He looked like a gunslinger. The softer hands, the hat pulled low, the gun in the holster on his hip. The job was to guard someone, which was the type of job a gunslinger would take. But Jacob’s brown eyes said that he wasn’t a gunslinger. My guess is that he’d shoot if you gave him a reason, but it had to be a good reason.

I had left the farm to become a gunslinger and had hoped to get a job as such. Jacob didn’t seem to be quite what I was looking for. However, I thought I’d go along with the job because the trip this far had drained my money down to the point of not having enough for a hotel.

We both jumped when the kitchen door banged shut. I looked up to see a man dressed like a gunslinger with jeans, black jacket and black hat. His gun sat in the holster that rested snuggly on his hips in easy reach. He was a foot shorter than me and skinny but I wouldn’t bet that he couldn’t handle himself. By the looks of him he had just ridden into town.

“Alex,” Jacob was surprised.

“You were expectin’ Nadine?” Alex asked. There was no humour in the question.

“Alex Turner, Toby Lawton,” Jacob introduced us. Alex offered his hand and I shook it. His handshake was firm and his green eyes were muddy. I noticed several scars along his throat.

We all sat down, Alex taking the chair at one end of the table.

“You said somethin’ ‘bout a job,” Alex said to Jacob. Alex took his hat off and ran his fingers through his short, brown hair.

“Guard duty,” Jacob said, “A man wants three guards to escort him an’ his wife from here to Dustcloud.”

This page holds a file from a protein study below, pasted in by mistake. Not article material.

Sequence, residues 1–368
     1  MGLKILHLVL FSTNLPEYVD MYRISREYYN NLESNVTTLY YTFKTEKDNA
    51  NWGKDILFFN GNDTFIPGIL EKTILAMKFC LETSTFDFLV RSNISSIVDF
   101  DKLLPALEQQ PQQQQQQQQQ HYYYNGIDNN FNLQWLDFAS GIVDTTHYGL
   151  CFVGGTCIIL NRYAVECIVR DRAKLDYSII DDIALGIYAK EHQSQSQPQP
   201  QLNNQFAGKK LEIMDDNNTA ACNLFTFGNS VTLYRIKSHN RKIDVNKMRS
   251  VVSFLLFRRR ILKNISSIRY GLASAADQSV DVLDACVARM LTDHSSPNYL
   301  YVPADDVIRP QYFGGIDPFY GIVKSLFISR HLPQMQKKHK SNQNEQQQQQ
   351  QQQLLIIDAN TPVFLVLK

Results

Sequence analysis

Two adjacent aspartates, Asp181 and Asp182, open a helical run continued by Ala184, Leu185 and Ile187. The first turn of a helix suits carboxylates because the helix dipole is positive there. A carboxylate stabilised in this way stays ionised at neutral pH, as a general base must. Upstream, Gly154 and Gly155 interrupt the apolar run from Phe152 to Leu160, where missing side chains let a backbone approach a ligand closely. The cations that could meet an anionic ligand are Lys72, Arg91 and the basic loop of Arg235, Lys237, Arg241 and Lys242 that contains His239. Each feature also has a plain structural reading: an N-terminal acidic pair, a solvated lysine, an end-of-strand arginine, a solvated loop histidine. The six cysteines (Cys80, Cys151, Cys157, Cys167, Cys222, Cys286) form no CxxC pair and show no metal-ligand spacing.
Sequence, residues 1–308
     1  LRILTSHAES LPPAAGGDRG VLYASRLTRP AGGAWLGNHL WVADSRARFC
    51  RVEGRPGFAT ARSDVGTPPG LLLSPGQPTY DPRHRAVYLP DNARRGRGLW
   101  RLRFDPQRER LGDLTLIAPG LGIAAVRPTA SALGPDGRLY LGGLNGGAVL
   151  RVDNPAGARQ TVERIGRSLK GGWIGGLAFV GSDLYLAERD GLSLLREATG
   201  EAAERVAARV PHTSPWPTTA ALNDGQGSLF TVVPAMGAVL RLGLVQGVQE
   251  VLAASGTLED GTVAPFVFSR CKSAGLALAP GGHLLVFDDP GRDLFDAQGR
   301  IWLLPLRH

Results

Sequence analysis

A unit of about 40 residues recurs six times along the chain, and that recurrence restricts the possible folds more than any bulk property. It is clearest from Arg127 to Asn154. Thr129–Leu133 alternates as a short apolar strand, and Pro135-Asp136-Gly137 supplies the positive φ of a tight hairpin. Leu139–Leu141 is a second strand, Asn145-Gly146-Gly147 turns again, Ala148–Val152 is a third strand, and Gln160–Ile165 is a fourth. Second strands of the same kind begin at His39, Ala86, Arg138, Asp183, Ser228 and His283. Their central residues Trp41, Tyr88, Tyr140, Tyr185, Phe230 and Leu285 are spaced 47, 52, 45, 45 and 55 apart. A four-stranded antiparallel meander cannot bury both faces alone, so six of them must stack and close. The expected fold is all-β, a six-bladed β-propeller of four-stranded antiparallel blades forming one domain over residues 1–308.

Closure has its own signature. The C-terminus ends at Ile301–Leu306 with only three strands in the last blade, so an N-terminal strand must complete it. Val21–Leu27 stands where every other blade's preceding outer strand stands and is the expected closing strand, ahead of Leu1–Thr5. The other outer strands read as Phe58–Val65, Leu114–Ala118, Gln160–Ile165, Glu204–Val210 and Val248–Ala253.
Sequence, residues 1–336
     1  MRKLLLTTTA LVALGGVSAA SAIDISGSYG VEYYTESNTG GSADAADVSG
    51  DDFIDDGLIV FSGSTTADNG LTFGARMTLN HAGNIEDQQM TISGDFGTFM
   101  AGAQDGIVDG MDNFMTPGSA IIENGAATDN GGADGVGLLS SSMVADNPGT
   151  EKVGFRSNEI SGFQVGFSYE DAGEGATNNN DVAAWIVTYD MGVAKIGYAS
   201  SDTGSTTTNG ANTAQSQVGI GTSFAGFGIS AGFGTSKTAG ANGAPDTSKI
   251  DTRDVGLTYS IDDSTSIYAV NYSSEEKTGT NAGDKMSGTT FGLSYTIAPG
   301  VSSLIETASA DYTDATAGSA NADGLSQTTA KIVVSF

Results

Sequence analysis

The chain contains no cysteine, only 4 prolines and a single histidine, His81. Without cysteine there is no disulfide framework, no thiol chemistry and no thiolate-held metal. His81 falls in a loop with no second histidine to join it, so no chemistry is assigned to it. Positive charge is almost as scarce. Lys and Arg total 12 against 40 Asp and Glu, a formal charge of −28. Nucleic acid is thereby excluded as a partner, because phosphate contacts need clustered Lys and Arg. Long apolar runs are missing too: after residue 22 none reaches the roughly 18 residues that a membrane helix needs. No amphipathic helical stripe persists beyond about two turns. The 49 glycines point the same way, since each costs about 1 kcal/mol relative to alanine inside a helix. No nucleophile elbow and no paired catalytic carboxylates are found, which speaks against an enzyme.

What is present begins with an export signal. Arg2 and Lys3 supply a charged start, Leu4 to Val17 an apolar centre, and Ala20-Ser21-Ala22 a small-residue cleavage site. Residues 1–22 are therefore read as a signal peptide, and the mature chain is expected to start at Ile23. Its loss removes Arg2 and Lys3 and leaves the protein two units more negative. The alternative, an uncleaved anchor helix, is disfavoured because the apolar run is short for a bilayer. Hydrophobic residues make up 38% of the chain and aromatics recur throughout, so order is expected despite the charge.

“Very specific instructions,” Alex said.

“It sounds like he’s done this before,” Jacob replied.

“When’s this s’posed to happen?” Alex asked.

“Tomorrow mornin’,” Jacob answered, “Probably not too early. He said he’d pay fifteen hundred at the start and end of the journey.”

“You got time an’ place tomorrow?” I asked. Jacob frowned as if he didn’t like the question.

“I was goin’ to confirm those details today,” Jacob answered.

“It’s getting’ kinda late in the day, maybe you should be getting’ those details soon,” Alex suggested, “This man might’ve hired someone else for the job.”

“I’ll go now,” Jacob said as he stood up. He put his coat on and stomped out of the house. Alex turned to me; it felt like he was studying me.

“How’d Jacob talk you into this job?” Alex asked.

“I was drunk,” I answered. A light that looked like it should have been accompanied by laughter flickered in those green eyes, then it was gone.

“Sounds about right,” Alex said, “Jacob will do practically anythin’ to get his own way once an idea gets into his head.”

“What about you?” I asked.

“He helped me out a couple years ago an’ every time I’ve tried to say no since he reminds me of it,” Alex answered, “Someday it won’t work.”

“You’ve been doin’ this kind of work long?” I asked.

“Three years,” Alex answered, “Seems longer when you’re on the move. I’m guessin’ you were a farmer ‘fore you headed out on your own.”

“If you listen to my father I still am a farmer,” I replied.

“Ever plan on goin’ back?” Alex asked.

“Only if I’m the only one left to claim the land,” I answered, “My father, brother an’ brother-in-law are workin’ the farm. They don’t need another mouth to feed.”